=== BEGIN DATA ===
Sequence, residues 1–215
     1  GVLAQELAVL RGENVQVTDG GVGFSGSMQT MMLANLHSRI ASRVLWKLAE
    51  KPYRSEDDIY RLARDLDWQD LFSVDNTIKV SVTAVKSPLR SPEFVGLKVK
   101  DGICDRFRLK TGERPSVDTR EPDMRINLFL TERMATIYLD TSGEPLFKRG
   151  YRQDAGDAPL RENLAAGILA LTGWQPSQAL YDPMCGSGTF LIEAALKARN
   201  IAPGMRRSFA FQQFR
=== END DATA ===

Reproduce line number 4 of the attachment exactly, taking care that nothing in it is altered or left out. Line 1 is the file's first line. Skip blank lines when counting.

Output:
   101  DGICDRFRLK TGERPSVDTR EPDMRINLFL TERMATIYLD TSGEPLFKRG